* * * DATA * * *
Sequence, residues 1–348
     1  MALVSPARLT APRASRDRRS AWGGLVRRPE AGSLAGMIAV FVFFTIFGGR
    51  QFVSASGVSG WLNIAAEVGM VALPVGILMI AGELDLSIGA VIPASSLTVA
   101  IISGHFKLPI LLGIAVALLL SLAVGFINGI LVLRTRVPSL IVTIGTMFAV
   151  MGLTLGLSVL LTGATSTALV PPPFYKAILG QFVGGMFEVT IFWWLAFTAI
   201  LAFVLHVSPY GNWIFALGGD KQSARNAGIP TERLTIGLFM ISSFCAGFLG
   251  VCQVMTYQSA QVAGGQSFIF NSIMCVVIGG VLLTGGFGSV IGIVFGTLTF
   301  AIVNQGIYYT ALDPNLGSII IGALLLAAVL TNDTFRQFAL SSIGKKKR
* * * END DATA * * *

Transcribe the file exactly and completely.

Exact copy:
Sequence, residues 1–348
     1  MALVSPARLT APRASRDRRS AWGGLVRRPE AGSLAGMIAV FVFFTIFGGR
    51  QFVSASGVSG WLNIAAEVGM VALPVGILMI AGELDLSIGA VIPASSLTVA
   101  IISGHFKLPI LLGIAVALLL SLAVGFINGI LVLRTRVPSL IVTIGTMFAV
   151  MGLTLGLSVL LTGATSTALV PPPFYKAILG QFVGGMFEVT IFWWLAFTAI
   201  LAFVLHVSPY GNWIFALGGD KQSARNAGIP TERLTIGLFM ISSFCAGFLG
   251  VCQVMTYQSA QVAGGQSFIF NSIMCVVIGG VLLTGGFGSV IGIVFGTLTF
   301  AIVNQGIYYT ALDPNLGSII IGALLLAAVL TNDTFRQFAL SSIGKKKR